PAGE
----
2. Salt Lake City is a wonderful place to live–most of the time. There are few things I’d “druther” have different if I could have my “druthers” as we said in the south when I was growing up. And yes, we do say “y’all come back now” with variations such as “y’all come back soon.” But yes it was the way I spoke. I’m happy I can still poke around inside my memory bank and find those voices still there. I wrote this piece sort of “tongue in cheek” because in Las Vegas where I used to live, believe me, you’d see stranger things than these. And for the record, I do like jello dishes. Maybe I’ll even share some of my favorites on the blog someday. Sorry about your problems with paxil. I hope you get mental and other support from your Ward. I’ve heard Mormons take care of one another; hope it’s true.

  3. Oh I shoulda read this first … now I see that you live in Utah too. I’ve been in Lehi more times than I could count … darned if I ever got to see the dog skate boarding or the lady with the circular fingernails. I live down in the southwest corner in Ivins … where the dirt is really REALLY red. Jello is apparently the state food and there are more ways to serve it than carter has pills. I’m LDS and I welcome y’all (we don’t say y’all here but I don’t want to hurt your feelings none) to our religious theme park. If any other state could claim the highest birth rate, the youngest children, and the highest bankruptcies then they could have the distinct honor of having the most prozac too. It’s a package deal.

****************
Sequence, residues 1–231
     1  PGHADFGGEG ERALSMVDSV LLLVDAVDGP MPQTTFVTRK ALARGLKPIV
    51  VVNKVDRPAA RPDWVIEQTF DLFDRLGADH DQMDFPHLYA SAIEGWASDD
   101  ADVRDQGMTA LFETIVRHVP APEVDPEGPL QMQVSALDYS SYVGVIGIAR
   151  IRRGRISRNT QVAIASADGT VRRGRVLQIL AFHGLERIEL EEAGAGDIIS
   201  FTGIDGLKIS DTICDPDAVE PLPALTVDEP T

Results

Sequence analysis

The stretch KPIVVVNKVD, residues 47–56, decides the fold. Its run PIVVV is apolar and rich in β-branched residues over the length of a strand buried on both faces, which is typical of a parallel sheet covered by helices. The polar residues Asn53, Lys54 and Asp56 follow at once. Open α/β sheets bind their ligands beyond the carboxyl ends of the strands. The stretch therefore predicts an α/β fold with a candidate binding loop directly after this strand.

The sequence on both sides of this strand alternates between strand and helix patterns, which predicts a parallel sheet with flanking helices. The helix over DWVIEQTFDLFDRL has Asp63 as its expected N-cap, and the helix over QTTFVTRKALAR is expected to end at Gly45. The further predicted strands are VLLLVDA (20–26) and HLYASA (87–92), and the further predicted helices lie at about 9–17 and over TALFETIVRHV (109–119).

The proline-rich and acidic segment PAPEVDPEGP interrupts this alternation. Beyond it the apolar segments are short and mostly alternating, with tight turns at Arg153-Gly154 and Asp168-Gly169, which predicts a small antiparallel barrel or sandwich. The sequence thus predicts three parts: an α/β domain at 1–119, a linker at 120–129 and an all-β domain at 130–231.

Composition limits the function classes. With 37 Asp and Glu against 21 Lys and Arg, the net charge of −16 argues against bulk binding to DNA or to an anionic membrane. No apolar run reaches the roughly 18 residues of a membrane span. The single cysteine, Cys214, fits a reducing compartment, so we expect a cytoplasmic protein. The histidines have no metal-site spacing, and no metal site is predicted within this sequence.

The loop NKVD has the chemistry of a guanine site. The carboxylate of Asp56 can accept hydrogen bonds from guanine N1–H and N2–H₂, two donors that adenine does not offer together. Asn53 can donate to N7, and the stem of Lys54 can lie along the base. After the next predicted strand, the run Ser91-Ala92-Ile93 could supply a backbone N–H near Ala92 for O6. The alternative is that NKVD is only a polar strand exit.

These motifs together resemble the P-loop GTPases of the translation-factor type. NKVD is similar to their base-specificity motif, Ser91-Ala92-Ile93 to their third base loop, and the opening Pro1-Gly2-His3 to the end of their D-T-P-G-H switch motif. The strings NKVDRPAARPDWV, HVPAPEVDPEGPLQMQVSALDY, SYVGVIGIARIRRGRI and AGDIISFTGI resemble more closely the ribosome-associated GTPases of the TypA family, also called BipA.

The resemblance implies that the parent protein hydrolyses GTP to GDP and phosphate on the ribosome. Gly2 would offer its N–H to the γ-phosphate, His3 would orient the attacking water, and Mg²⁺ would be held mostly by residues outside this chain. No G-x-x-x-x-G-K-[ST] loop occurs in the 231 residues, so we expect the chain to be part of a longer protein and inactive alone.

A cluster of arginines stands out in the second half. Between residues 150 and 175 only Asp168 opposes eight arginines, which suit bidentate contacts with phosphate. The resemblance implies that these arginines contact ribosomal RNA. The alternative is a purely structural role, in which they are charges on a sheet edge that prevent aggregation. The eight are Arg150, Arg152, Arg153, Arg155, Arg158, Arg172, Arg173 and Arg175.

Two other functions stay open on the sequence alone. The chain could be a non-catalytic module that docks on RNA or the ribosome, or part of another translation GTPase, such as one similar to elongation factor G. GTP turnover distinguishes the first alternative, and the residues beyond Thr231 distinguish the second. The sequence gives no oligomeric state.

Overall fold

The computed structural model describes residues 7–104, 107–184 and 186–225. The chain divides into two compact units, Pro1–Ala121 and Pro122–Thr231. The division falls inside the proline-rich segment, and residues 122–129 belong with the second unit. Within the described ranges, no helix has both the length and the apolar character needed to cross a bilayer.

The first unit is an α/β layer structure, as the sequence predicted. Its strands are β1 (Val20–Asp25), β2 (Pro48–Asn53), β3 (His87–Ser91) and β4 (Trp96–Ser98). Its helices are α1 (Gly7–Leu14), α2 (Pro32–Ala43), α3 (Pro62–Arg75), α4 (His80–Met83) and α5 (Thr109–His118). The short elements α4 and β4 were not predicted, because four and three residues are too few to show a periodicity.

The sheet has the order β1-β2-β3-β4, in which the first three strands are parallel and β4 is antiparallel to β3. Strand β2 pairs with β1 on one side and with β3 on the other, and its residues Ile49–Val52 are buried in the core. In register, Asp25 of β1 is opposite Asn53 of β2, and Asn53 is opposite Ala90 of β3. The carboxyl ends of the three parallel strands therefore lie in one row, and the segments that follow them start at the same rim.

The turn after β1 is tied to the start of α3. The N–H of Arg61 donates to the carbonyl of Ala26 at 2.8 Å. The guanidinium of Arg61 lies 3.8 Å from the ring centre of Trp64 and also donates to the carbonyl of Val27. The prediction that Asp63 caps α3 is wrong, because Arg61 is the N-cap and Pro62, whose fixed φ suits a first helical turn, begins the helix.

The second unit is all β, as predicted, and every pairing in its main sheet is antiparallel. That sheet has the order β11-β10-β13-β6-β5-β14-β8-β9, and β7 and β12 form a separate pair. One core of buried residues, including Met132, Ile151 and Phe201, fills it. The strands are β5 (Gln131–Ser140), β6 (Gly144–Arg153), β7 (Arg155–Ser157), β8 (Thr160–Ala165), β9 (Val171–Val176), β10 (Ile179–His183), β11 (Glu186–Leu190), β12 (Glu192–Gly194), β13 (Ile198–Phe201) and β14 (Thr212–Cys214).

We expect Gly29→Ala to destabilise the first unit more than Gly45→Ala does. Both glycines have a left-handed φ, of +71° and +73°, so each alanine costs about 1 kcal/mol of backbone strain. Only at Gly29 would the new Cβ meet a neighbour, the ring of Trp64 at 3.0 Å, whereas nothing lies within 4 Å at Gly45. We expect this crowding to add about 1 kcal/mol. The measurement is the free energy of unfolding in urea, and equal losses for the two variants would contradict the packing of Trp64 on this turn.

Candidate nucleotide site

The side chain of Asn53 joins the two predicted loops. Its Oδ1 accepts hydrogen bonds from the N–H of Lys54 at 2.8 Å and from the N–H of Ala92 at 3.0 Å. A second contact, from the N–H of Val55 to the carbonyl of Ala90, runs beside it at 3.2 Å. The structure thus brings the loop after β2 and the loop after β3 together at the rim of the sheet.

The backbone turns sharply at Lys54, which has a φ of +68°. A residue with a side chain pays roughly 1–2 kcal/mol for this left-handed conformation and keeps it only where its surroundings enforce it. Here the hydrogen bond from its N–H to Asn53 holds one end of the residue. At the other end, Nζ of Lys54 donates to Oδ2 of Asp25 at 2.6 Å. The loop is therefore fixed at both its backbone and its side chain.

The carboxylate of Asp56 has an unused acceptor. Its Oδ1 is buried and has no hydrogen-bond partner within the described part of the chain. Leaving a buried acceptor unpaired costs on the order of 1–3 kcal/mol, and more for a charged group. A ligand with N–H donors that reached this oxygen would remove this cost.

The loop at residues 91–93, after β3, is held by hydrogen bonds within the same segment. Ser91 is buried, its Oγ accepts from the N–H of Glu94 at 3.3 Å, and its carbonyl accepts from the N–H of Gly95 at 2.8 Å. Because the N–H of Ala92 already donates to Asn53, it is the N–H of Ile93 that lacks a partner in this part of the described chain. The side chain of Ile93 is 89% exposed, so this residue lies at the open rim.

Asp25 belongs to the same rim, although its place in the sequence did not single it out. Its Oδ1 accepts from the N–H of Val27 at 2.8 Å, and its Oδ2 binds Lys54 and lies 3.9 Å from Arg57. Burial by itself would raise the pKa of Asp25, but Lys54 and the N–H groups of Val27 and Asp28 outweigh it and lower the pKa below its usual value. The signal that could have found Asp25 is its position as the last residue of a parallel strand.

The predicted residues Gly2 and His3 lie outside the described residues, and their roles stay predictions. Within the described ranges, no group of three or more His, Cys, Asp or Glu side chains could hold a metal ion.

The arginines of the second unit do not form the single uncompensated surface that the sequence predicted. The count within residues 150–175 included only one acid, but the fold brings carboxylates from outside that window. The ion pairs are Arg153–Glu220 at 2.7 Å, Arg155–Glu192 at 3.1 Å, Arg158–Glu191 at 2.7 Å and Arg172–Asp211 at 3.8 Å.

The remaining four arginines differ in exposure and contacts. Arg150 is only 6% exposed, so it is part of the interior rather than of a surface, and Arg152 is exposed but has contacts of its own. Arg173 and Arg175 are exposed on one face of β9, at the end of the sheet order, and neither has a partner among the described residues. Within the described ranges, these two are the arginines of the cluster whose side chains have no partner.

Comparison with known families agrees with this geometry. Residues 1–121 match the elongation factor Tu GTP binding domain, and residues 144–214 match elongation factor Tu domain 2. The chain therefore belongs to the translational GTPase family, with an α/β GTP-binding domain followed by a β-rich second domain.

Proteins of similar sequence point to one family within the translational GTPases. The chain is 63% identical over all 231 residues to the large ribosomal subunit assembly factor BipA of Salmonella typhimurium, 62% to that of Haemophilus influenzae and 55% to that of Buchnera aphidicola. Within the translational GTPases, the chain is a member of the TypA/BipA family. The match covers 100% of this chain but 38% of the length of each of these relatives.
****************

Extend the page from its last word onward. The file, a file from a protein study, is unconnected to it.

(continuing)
Grandma Henke

  4. Hi Edna, glad to meet you “neighbor”!

    Thanks for your comment and the special “welcome”. I’m so glad to see you have a sense of humor too. Without it, it’s hard to keep the blood pressure down anywhere you live these days! I hope you’ll visit again become a regular commenter. (Is that spelled right?) Good luck with your own blog!

  5. Delightful indeed. You do live in a beautiful state….where my brother in law and family live too. We visit every few years cutting catty corner across the state up to Vernal. Only 50% LDS now. I asked. Beautiful parks up there. Marvelous history of the women pioneers too. The Ute areas are so sad. Their convention center abandoned in the middle of nowhere.

    Last year we came back home via Salt Lake City and stopped to have lunch with a college friend before heading to the Flamingo to spend the night rattling around in a suite…of all things. Hugs……

  6. Pingback: SLC Woman’s Fingernail Record Shattered « My Wintersong